Here’s the bottom line: The only emotion that the HBO film “Behind the Candelabra” provoked in me was annoyance. There was no character I cared about and not a scrap of nuance to tickle my mind. A bio of Liberace – Liberace! – that doesn’t squeeze even a single tear from my usually responsive eyes has problems.
I just don’t get it. I don’t get the casting and I don’t get the acting and I don’t get the resulting adulation. I haven’t read the reviews, but I certainly have heard the hype. “Behind the Candelabra” focuses on the relationship of young “chauffeur” Scott Thorson and Liberace, the over-the-top glittery piano player who headlined in Las Vegas for many years and who had his own TV show. During the 50s, 60s, and 70s he was the world’s highest-paid entertainer – and he liked to spend his money in very visible ways – from a piano-shaped swimming pool to mink capes.
If you have to settle on one word to describe Liberace, it won’t be eccentric, imperious, or excessive: it would be “fabulous!” He was a fabulous queen who established the template for Elvis, Elton, Madonna, and Lady Gaga. However strong Michael Douglas’ acting chops are, and no matter how many kilo of sequins and bling the wardrobe department gives him, Michael Douglas is not fabulous. Not the way I mean it when I’m talking about Liberace. Not the way that Freddy Mercury was fabulous (now, HE could’ve played Liberace). Not the way k d lang is fabulous (SHE probably could have as well).
And Matt Damon? He plays Scott Thorson, Liberace’s young partner, like a startled deer in the headlights. Not just the first night. Not just the first month. Not just the first year. He’s supposed to be an innocent, manipulated pudgy blond who is bewildered by the furs and the cars and the jewels that he is sucking up like a voracious vacuum cleaner. He’s foolish and bland. His delivery is flat – very, very flat. His sudden outbursts are out of character and out of tune, but he quickly subsides back into mush. Does he give a crap about Liberace or not during the five years they were together? It’s never clear. His sexuality is subsumed into his parasitism. And strangely enough, the movie is based on a book by Scott Thorson, that is, from Thorson’s point of view.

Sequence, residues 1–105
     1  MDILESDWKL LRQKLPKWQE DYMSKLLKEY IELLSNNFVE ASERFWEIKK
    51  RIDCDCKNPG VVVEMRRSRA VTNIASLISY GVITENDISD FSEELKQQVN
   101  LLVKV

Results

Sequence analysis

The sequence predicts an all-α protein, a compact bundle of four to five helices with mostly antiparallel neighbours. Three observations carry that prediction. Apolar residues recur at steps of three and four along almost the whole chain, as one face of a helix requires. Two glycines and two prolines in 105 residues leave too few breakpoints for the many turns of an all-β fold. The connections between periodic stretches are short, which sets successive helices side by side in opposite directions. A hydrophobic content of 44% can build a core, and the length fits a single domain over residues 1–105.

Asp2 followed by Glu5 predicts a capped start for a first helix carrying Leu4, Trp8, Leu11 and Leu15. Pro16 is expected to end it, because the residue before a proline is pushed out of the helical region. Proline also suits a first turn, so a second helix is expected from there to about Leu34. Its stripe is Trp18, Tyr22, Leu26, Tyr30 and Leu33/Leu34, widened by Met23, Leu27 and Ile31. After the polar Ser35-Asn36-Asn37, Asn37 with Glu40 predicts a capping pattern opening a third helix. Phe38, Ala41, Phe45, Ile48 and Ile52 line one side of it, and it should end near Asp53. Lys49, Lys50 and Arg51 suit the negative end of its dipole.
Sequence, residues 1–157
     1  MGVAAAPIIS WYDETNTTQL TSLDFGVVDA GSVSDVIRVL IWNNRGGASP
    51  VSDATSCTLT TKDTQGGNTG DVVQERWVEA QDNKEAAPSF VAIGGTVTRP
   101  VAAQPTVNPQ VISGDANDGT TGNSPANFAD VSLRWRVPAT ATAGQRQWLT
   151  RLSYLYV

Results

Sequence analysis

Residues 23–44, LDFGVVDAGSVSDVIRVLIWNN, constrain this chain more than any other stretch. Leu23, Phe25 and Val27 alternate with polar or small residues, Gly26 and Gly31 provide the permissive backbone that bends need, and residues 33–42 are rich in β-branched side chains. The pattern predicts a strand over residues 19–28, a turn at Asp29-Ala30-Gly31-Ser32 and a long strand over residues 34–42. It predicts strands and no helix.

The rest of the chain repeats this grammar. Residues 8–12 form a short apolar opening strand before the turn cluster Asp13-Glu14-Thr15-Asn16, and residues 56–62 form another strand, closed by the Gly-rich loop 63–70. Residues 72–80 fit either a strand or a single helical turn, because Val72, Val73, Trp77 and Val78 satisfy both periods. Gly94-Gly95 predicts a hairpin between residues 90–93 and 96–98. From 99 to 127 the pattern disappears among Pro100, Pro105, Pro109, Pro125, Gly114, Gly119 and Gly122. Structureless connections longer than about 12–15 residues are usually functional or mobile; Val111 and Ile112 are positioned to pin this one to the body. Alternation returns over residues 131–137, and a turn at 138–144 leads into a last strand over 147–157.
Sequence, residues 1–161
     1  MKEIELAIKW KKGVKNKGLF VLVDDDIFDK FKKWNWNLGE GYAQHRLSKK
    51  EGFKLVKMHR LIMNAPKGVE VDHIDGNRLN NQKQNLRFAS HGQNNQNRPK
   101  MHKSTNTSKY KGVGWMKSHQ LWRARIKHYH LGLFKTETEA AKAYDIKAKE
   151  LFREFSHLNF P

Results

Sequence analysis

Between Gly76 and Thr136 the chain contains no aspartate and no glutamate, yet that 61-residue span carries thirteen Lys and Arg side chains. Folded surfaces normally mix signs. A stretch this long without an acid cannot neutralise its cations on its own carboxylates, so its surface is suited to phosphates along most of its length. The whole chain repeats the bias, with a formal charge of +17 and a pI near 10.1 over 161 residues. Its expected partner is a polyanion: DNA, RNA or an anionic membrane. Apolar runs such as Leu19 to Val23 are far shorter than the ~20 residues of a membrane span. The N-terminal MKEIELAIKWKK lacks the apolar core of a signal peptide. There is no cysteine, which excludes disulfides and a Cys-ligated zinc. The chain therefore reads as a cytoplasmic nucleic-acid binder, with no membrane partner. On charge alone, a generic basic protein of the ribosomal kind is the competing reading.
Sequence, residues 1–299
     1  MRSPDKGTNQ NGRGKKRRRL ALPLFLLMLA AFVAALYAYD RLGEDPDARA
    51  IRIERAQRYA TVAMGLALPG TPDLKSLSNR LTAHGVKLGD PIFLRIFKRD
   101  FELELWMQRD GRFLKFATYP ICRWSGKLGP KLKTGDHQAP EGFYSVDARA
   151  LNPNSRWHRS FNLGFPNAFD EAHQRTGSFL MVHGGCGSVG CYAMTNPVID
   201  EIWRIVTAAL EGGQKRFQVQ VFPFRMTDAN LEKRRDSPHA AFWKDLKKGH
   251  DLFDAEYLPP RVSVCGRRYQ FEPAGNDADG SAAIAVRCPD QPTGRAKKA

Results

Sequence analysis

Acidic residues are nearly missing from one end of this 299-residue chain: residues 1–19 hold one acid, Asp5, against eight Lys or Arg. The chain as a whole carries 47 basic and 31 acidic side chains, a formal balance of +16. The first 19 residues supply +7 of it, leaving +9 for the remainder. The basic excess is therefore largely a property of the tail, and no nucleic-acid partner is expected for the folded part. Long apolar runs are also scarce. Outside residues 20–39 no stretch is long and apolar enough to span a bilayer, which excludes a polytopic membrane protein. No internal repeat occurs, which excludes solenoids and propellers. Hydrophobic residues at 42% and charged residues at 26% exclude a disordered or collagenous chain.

And don’t get me started about Rob Lowe, camping it up with peculiar discomfort as the plastic surgeon Jack Startz. The sleazy surgeon’s job it is to make Liberace look young and make Scott look like Liberace, but he only succeeds in making Scott look like he has perpetually bruised cheekbones. If I were Liberace, I’d ask for my money back.
These straight actors (Douglas, Damon, Lowe, etc) seem to be thrilled to play queers. Nowadays, playing gay is utterly safe and adds some additional street cred points to their resumes. However, I found them incapable of providing anything beyond the most superficially one-dimensional stereotypes, punctuated with occasional bursts of hysteria.
One actor is to be thoroughly congratulated. Debbie Reynolds, as Liberace’s mother Frances, is funny, appealing, and believable. She was given very little to do, unfortunately, and she was the only woman in the film.
There are a ton of big names involved in the making of this film. Steven Soderbergh directed to a script by Richard LaGravenese, and Marvin Hamlisch did the music. The actors are all big guns. The relationship at the heart of this story was truly bizarre and intense. But because the main actors fail to realistically inhabit their characters, we are left with a lot of promise and very little delivery.
Here's the trailer: